But time is the enemy of all athletes, and even Becks can't keep playing forever.
Despite being handed a coaching role in England's World Cup 2010 set-up—after injury ruled him out of the squad—Beckham has been clear that professional football management is not in his future.
And he hardly seems likely to follow his old friend Gary Neville into punditry.
So with the two most obvious career options for ex-footballers seemingly out of the question, what should David Beckham do once he finally hangs up his boots?
Beckham Meets Abramovich
Could Beckham be the next Roman Abramovich?
Well, not really. Even his gargantuan image rights don't exactly stack up against the resource riches of Russia, and the MLS is not quite the English Premier League.
But there is clearly an attraction.
It is well documented that Beckham's contract agreement with LA Galaxy owners AEG includes an option to buy an MLS franchise upon retirement.
With AEG itself now up for sale, it opens up the possibility he could, in fact, buy the Galaxy, saving himself and Victoria from being associated with less glamourous teams.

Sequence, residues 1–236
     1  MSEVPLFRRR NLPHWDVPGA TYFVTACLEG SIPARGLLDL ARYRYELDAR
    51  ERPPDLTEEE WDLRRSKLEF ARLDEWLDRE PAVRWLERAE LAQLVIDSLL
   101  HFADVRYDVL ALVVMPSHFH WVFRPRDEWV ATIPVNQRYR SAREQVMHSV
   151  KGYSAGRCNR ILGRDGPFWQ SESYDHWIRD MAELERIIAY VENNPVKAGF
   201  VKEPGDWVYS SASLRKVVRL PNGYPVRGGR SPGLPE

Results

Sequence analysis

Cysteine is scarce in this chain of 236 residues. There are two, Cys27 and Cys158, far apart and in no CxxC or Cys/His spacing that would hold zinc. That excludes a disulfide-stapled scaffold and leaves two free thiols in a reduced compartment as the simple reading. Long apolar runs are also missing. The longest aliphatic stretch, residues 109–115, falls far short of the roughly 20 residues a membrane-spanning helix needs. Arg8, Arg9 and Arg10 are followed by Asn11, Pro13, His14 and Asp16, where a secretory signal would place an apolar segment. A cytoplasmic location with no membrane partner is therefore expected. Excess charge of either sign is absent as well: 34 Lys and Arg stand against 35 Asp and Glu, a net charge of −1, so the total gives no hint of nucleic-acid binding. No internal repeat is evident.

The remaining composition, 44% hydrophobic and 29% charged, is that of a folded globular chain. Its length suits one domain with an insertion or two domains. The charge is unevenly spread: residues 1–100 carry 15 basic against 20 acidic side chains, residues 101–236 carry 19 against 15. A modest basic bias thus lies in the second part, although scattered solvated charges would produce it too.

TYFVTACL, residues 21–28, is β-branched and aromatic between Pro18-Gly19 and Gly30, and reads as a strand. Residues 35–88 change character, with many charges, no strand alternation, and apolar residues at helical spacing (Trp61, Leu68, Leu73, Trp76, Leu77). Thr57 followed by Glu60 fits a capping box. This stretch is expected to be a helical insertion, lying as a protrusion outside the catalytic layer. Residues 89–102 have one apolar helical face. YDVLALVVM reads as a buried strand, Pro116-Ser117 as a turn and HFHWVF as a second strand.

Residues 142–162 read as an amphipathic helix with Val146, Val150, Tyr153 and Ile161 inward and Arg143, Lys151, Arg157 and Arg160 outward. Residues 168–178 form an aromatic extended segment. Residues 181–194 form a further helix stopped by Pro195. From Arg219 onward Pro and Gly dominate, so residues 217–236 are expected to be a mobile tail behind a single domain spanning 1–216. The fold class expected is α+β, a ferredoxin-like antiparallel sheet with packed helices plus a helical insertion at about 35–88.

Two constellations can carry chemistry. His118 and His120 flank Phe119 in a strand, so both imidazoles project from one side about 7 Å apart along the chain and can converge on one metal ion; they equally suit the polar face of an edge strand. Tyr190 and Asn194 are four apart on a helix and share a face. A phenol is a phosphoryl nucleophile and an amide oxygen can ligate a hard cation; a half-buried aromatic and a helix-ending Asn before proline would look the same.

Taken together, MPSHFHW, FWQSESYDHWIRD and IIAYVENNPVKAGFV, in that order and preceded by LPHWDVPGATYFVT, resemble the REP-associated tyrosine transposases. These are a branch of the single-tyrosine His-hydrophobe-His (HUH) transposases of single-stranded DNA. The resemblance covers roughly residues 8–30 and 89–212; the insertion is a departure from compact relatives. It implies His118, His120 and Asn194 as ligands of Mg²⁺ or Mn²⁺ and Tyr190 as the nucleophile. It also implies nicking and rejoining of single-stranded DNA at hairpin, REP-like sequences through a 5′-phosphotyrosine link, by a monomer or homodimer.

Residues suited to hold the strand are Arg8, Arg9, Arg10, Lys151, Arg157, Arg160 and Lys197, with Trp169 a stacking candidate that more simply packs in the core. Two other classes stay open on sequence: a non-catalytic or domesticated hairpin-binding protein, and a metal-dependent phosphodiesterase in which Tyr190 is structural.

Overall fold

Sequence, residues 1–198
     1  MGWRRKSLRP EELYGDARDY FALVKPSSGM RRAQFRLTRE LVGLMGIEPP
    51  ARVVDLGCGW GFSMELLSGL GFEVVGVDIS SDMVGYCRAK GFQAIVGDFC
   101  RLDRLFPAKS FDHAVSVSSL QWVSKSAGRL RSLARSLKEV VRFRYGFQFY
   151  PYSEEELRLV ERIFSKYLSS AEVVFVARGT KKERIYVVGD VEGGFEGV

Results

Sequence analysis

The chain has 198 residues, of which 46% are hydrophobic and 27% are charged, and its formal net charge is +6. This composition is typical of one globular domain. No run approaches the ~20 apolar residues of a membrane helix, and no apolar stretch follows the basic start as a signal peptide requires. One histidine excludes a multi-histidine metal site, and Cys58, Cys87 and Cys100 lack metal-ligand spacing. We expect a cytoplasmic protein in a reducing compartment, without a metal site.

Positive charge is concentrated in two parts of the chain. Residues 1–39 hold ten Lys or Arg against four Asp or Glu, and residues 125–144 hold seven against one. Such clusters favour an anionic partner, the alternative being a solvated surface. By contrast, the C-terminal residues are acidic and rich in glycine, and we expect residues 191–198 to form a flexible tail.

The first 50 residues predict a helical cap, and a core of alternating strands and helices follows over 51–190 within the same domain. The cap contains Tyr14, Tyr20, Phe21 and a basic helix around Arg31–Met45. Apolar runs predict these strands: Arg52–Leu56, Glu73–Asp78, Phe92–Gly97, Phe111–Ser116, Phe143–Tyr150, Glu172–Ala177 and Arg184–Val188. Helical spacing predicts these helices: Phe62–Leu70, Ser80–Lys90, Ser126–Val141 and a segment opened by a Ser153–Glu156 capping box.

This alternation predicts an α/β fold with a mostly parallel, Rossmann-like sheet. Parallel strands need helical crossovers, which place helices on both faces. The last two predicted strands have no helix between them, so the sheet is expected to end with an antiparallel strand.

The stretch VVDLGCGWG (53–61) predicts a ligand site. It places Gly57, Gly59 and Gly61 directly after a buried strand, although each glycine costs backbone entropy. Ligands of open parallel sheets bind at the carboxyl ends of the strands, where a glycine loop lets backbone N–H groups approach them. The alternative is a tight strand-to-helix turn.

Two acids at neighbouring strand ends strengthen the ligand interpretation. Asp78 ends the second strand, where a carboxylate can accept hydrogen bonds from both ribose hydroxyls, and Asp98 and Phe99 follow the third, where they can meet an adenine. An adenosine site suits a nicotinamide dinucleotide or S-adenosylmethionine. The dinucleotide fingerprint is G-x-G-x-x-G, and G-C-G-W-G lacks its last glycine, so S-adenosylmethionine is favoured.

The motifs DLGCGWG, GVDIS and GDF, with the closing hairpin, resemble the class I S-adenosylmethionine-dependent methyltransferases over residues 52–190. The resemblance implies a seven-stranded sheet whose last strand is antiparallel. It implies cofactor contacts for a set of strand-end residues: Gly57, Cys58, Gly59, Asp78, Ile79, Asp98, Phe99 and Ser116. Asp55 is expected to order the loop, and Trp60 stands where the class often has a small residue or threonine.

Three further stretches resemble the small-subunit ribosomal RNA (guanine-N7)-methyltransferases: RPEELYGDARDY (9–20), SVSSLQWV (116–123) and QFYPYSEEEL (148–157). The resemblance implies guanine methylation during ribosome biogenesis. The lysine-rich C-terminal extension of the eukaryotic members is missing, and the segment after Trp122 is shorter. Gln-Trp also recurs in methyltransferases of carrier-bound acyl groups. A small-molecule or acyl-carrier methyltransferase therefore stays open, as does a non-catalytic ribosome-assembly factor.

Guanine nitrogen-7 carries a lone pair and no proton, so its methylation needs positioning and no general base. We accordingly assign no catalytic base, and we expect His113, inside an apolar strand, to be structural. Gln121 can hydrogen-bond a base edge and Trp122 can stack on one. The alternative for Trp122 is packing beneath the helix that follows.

Eric Cantona of the NY Cosmos
But then why settle for LA when the clothes-conscious couple could potentially move to the fashion capital of America?
Beckham has an intriguing connection with the New York Cosmos, the fabled NASL team recently resurrected with the help of Eric Cantona, Pelé and Terry Byrne—Beckham's close friend, advisor and confidant .
The MLS has confirmed that the league's 20th team will be in New York; in order to establish a rivalry with the New Jersey-based Red Bulls and tap into the lucrative urban market.
With Beckham joining the setup, the Cosmos could ensure they are that team.
While still a player, Beckham's forays into the fashion world have trodden predictable paths—athletic wear and underwear.
But as he matures into the suave elder statesman, expect more emphasis on fine tailoring and luxury goods.
David Beckham likes to cook.
David Beckham is highly photogenic.
Anyone who remembers him preparing dinner for an embarrassed Gary Neville in the 2000 documentary—The Real David Beckham—could easily see he's a cooking show natural.
Look out, Jamie Oliver!
In the prologue to his excellent book, Africa United, Steve Bloomfield recounts how he narrowly escaped a perilous run-in in civil war-torn Sudan by invoking the name of David Beckham.
Imagine what the man himself could do.
Already accustomed to the ambassadorial role with his work for London 2012, UNICEF and—if less successfully—England's World Cup 2018 campaign, Beckham could be dispatched around the globe to ease peace negotiations.
Desperate times call for desperate measures.